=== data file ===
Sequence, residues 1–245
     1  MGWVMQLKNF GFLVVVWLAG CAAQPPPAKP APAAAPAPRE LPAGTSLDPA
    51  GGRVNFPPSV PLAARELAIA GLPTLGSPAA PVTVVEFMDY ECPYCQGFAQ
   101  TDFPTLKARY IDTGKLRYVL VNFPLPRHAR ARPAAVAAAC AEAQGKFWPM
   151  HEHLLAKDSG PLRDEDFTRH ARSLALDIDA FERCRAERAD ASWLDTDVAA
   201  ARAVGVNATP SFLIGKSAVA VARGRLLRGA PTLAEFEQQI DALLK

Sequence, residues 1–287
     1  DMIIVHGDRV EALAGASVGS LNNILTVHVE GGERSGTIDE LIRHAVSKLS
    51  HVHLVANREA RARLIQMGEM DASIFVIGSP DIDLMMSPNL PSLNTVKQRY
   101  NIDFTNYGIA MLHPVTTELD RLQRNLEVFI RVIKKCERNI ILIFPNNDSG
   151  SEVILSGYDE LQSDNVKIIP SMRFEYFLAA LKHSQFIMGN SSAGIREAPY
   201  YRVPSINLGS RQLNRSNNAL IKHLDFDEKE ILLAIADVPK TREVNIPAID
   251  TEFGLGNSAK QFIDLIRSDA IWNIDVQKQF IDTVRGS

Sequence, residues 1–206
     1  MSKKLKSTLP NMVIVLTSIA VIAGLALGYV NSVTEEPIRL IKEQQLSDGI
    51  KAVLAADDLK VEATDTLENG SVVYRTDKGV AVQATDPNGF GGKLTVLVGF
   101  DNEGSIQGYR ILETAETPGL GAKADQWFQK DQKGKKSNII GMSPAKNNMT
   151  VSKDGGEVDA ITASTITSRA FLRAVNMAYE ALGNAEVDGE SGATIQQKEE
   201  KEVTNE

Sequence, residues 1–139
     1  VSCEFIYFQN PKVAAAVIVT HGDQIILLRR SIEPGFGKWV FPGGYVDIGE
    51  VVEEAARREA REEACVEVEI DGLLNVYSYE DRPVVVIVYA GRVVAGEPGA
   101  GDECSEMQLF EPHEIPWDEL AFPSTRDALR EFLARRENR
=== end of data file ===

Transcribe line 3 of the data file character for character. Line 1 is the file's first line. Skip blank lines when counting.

    51  GGRVNFPPSV PLAARELAIA GLPTLGSPAA PVTVVEFMDY ECPYCQGFAQ